Sunday, December 1, 2013

A day of FPV fun

Novemeber 30th, 2013.  What a day that was!  Several guys got together at RAMs to have an un-official FPV fly-in.

It was a great day, albeit a little cool.  Tim Walker and his son, Bob Gusek, Marcus Wright, Max Messinger, Kevin (whose last name I didn't catch) and myself had a day of FPV fun.  We had an assortment of airframes, My ADS and MaxiSwift, Tim's Quinticle, Marcus brought his Tri and the Phoenix, Max brought the Deacon Aerial Observatory and his FPV Raptor.

We had several great flights, and made some changes to the Quinticle software to get it flying better.  It is very close to being right now, just a little more PID tweaking, and some accelerator trim settings will make this a great platform for fun or FPV.

Since the majority of us are involved with DeaconEye, we did some testing on the DAO systems for an upcoming objective we have, and found out we have a very solid system.  We have to tweak the UHF control system a bit, but we set a new record for ourselves, and everyone on-site was pretty excited to see what we accomplished.  It was neat to be able to show off what we have been working on to a group of modelers that might not otherwise have the opportunity to take a look at how far technology has come for model airplanes.

We are already planning our next gathering, and looking at how we can make the gatherings more efficient for all of us.  Stay tuned for updates and pictures/video!

Sunday, November 17, 2013

Just some stuff..

Here we are into November, and flying season is still hanging around.  We have already had flurries of snow here, but the weather is still cooperating for the most part.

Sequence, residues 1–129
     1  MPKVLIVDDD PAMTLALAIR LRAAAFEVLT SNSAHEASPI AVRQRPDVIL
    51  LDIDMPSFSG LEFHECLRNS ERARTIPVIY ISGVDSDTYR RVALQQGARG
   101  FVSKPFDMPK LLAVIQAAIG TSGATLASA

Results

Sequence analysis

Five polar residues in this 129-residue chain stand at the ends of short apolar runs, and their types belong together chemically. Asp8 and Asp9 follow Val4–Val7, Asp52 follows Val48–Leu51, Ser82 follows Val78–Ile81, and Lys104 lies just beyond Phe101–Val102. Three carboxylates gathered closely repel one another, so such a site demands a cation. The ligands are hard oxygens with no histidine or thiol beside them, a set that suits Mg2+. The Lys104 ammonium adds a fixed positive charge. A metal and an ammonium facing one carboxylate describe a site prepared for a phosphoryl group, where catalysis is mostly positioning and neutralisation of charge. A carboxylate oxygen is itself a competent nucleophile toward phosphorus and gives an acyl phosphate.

Quads are still the order of the day, and I am enjoying them.  The ADS 400Q is finished and flying, and man is it fun!  On 4 cells, with 1250KV motors, it is a real beast.  I am impressed with the acceleration and speed, though in all honesty its gonna take me a while to get used to that while I am under the hood.  Flying this thing FPV is pretty cool, the clean plate/dirty plate design makes for some great video.  I am going to look at different lenses for the FPV camera, though, since the 2.5mm seems way to wide for this thing.  I am thinking maybe a 2.8 or a 3.6, to narrow the field of view a bit, which will bring back my depth perception.  With wide angle lenses, things appear farther away than they actually are.  In a plane, this isn't a problem, but for me and a quad, it might result in an encounter with tree branches.  Thankfully, the noise I heard was allot worse than any actual damage.  While it sounded like I had cut the tree down, in reality, I had only hit a small branch with the left front prop..and didn't even nick the prop!

I have found yet another project, too.  The guys over at Flitetest had posted this cool FPV ground station:

The Flitetest post can be found here:

The full build thread can be found here:

Several YouTube videos about the cockpit can be found here:

That is the most immersive thing I have seen for FPV so far.  While I don't know that I will go quite that far, I do want to duplicate the control setup.  I have already worked out how to use an Arduino to generate the PPM stream needed by today's R/C transmitters, which means I will be able to simply plug in my "full scale" controls to the trainer port of the R/C radios I use to fly my models.  The advantage is that no mods to my radios are required, and other folks can try out the full scale controls with their models.

So far, the code works, but I have not acquired/built the full scale controls.  Heck...I just found out about this ground station on the  14th of November, and it's only the 17th.  It's gonna take some scrounging to get the controls together, so it will be a while till I get this I really need to clean up the shop.  It's really bad.  To many projects, and not enough time spent putting things away.  I really need to do another purge, and dispose of allot of stuff.  Every so often I have to do this, I have noticed I collect stuff, strip down the usable parts, but I never throw away the useless parts..which results in "stuff creep."  That's kinda like feature creep, but allot more messy.

Wednesday, October 30, 2013

Addicted to quads?

I have another quad in my collection ADS 400Q.  This is a purpose designed FPV bird, in an "H" style to allow for more room on the frame to include FPV goodies.  It also has a forward shelf for a GoPro camera.